In the instant case, the first two prongs of the qualified immunity test are not in issue. Thus, the central inquiry of the case involves the ultimate question of whether Jones and his officers acted reasonably in searching appellant's apartment. We must determine, therefore, whether appellant's evidence raised "genuine issues of material fact respecting [Jones'] conduct which require[d] resolution before its objective reasonableness [could] be assessed." Id. (quoting Turner v. Dammon, 848 F.2d 440, 445-47 (4th Cir. 1988)).
After a review of the evidence presented by appellant at trial, it is clear that she presented no evidence which indicates that Jones violated the objective reasonableness prong of the qualified immunity test. Jones reasonably relied upon the assertions of his informant, Senegal, a former roommate of appellant. Clearly, such reliance was justified when viewed in light of Senegal's previous relationship to appellant, her overall demeanor, the depth and particularity of the information she gave to appellees, her willingness to allow her name to be used in the search warrant affidavit and her willingness to testify in the matter. Additionally, it was reasonable for Jones to believe that nighttime execution of the search warrant was justified given the information accorded him by Senegal that Wright could be leaving the premises at any time. Accordingly, as to Jones, we hold that the district court's determination that Jones was entitled to qualified immunity was correct.
Now we will address the issue of whether appellant presented evidence sufficient to create a genuine issue of material fact regarding the liability of appellees Kidwell and Town of Leesburg. Simply put, appellant's evidence failed to do so. The district court ruled that appellant's evidence did not show that Kidwell either instituted or condoned any policy or practice that violated appellant's constitutional rights. (J.A. 147). Based on appellant's evidence, we hold that the district court could not have ruled otherwise.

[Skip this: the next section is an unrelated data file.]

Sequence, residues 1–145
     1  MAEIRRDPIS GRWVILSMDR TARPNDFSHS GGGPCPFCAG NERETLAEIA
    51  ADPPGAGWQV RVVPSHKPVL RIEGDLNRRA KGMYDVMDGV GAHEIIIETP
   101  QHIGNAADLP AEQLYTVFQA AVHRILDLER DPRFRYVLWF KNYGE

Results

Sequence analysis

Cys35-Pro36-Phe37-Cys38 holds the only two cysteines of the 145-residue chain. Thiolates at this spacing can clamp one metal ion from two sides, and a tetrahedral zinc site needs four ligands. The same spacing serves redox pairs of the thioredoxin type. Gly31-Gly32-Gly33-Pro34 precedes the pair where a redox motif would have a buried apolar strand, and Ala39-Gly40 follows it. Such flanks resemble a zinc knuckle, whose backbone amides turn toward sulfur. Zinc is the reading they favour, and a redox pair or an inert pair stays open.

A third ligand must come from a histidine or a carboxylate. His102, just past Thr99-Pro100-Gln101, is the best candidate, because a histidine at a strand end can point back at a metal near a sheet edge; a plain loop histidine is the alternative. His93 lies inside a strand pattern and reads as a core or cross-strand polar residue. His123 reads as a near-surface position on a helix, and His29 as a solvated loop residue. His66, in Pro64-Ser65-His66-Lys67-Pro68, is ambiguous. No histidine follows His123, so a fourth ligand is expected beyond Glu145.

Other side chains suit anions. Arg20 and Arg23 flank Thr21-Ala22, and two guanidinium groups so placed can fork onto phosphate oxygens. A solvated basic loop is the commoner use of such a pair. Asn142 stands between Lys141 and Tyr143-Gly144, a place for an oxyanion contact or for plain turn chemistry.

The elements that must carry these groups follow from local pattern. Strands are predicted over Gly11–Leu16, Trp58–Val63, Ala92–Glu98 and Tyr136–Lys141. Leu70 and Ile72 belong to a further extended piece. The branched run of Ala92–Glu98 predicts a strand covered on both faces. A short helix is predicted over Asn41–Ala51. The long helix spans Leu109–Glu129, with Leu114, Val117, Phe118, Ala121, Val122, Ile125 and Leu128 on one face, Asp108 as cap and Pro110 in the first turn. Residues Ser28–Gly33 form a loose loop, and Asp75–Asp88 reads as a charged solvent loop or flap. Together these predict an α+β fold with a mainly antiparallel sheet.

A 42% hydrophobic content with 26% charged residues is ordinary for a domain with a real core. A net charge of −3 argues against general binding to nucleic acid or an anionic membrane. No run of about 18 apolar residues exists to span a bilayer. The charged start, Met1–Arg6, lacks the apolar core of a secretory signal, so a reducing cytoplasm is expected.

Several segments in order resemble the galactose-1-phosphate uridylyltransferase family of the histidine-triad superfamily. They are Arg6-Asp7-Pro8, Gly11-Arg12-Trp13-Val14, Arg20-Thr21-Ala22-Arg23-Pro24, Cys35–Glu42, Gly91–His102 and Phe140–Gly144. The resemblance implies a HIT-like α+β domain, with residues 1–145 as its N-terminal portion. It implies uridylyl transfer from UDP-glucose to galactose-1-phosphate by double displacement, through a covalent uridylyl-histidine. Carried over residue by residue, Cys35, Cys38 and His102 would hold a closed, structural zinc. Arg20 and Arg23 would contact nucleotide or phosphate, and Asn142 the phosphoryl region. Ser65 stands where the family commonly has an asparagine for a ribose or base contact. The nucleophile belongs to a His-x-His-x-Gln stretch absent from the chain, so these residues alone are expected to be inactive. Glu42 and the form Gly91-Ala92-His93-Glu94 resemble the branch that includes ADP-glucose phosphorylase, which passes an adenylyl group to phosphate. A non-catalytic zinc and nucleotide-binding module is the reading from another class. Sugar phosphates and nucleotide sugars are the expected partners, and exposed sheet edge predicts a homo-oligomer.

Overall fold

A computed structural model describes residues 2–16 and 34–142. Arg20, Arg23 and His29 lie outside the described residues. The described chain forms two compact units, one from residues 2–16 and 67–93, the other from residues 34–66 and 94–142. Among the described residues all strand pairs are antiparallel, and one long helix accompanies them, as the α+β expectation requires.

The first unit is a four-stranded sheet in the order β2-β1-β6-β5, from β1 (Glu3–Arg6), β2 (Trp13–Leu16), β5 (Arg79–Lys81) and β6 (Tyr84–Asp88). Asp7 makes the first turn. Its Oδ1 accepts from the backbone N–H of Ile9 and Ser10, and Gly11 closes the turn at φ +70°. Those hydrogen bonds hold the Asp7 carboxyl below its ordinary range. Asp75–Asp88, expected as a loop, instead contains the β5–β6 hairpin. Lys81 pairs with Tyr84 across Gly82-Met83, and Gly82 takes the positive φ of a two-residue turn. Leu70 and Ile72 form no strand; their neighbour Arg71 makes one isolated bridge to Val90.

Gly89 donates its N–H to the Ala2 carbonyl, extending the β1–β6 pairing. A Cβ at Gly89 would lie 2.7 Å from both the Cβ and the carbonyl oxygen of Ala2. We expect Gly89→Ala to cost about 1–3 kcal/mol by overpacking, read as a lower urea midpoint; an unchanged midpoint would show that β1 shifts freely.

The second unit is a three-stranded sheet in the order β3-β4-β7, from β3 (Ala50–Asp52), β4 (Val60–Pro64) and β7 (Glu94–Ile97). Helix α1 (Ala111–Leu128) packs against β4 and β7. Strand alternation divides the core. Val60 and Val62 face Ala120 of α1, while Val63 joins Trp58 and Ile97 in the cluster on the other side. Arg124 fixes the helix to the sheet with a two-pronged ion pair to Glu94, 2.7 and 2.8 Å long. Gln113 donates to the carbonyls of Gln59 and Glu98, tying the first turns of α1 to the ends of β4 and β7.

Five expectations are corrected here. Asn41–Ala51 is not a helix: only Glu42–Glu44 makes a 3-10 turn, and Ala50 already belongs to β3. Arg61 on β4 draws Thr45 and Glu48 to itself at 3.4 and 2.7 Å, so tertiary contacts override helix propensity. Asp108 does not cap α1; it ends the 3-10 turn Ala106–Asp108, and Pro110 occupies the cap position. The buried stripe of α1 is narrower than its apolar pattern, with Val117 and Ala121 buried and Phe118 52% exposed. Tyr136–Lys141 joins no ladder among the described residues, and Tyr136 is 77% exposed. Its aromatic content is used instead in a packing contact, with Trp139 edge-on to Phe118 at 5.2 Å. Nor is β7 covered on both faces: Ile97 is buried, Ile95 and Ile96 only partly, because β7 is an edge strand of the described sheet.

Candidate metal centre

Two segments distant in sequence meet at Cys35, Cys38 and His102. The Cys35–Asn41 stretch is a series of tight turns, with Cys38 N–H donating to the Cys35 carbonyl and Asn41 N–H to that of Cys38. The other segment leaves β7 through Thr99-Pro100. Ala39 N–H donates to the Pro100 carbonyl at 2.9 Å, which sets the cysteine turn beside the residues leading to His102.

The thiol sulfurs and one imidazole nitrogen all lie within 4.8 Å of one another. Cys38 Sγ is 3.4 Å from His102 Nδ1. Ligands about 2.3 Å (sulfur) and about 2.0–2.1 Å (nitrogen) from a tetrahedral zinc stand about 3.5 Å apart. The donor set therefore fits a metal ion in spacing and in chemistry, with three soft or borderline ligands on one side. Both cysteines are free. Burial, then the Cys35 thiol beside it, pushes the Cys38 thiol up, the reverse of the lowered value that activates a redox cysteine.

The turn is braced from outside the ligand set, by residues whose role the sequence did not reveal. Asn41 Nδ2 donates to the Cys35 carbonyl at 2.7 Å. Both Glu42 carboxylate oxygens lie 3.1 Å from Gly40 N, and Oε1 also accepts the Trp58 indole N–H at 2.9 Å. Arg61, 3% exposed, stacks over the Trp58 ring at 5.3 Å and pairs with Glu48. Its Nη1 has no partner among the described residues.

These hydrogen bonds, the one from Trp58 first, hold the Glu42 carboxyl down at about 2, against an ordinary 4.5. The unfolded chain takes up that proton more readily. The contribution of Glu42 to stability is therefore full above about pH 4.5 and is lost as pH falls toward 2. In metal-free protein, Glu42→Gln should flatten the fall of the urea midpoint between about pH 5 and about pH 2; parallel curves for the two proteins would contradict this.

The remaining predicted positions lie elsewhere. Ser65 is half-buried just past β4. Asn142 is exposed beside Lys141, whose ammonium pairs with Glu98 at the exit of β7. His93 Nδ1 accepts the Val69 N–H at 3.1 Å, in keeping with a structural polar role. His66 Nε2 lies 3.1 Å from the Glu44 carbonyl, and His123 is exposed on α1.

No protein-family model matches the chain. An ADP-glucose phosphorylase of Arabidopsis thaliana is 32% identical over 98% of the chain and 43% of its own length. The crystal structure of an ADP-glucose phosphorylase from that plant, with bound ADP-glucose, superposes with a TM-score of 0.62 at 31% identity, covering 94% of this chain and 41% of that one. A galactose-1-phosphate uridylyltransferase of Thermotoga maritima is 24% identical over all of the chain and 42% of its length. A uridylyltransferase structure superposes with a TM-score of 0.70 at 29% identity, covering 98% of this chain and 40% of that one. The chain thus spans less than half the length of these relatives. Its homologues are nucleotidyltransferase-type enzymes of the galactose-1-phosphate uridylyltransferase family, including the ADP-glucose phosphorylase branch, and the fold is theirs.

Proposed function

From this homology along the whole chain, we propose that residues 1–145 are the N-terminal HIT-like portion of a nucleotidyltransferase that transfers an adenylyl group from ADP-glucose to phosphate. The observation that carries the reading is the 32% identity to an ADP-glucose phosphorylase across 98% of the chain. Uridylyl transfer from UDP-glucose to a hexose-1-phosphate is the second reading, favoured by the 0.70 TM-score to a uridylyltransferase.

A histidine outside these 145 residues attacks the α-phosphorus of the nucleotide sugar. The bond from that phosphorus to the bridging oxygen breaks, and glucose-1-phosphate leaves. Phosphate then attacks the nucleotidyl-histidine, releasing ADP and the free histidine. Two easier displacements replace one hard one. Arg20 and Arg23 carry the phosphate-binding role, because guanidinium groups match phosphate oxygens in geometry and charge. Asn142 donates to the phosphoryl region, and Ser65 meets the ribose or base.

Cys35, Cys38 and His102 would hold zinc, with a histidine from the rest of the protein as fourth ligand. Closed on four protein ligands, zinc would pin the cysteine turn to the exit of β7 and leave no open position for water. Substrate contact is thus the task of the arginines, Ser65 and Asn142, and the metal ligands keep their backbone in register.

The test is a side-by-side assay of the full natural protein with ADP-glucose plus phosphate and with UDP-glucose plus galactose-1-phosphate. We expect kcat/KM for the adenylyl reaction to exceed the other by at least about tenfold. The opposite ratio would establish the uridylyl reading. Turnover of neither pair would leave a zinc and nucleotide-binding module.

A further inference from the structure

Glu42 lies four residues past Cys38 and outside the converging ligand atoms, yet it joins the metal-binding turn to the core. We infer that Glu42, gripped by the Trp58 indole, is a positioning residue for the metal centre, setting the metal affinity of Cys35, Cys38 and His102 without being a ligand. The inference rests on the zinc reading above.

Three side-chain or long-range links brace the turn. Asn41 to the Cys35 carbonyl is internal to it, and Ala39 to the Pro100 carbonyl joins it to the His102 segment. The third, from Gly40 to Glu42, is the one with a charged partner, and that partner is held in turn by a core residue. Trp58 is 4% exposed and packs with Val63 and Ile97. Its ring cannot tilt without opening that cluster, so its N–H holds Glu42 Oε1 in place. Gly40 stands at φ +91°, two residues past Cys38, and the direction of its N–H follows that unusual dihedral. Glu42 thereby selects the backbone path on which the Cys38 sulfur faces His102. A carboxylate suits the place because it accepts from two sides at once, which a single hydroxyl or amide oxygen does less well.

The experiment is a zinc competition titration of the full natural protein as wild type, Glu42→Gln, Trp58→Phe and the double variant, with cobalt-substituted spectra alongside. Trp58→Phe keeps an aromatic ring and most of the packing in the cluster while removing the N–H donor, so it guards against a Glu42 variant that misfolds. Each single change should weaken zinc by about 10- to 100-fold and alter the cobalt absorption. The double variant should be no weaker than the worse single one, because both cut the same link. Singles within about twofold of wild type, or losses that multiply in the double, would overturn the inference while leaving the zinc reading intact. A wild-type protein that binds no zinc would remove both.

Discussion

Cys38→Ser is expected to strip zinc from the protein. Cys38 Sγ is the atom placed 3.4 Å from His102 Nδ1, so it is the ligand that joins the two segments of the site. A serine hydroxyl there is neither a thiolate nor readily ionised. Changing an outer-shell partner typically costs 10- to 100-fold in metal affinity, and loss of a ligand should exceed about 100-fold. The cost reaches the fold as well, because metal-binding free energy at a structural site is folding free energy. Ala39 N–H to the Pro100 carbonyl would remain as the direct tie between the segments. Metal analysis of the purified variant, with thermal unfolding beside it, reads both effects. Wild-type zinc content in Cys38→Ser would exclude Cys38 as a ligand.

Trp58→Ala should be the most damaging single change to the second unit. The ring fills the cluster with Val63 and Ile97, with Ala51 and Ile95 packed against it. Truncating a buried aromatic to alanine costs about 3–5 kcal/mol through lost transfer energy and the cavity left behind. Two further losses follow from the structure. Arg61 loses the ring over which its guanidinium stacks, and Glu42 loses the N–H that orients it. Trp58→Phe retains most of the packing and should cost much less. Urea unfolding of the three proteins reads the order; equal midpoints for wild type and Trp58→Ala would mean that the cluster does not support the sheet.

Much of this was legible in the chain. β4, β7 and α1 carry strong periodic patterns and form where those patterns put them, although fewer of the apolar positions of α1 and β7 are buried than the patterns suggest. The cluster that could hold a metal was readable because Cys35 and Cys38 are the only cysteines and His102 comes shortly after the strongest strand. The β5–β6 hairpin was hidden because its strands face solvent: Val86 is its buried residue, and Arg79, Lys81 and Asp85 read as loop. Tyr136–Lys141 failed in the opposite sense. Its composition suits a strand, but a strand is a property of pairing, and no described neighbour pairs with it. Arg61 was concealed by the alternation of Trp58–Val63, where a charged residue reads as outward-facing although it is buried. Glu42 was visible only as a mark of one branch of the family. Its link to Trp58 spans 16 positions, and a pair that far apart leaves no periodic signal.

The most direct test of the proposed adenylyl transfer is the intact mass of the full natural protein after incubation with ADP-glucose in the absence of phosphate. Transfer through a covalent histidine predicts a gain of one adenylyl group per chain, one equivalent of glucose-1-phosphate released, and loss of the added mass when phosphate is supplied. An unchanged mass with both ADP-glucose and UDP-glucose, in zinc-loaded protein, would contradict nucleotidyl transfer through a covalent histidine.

Kidwell testified that his policy with regard to searches was that his officers were to follow Virginia state law. (J.A. 83). With regard to the issue of nighttime searches, he stated that these searches allow his officers the greatest element of surprise and are safer for the subject and the officers, especially in cases involving narcotics, but that every case had to be individually evaluated as to whether a nighttime search is appropriate. Id.
As the district court found, given the circumstances known to Jones and his officers on the night they executed the search warrant on appellant's apartment, the actions of Jones and his officers in the early morning hours of August 28, 1990 were reasonable under the circumstances and did not violate Virginia state law. Thus, because Kidwell's admitted policy of requiring his officers to follow state law did not result in a constitutional violation, no basis for liability exists as to appellee Kidwell under § 1983. Furthermore, because no unconstitutional policy was at work in this case, there is also no basis for liability as to appellee Town of Leesburg. Therefore, as to appellees Kidwell and Town of Leesburg, we hold that the district court's determinations were correct.
Therefore, for the reasons stated herein, the rulings and judgment of the district court are hereby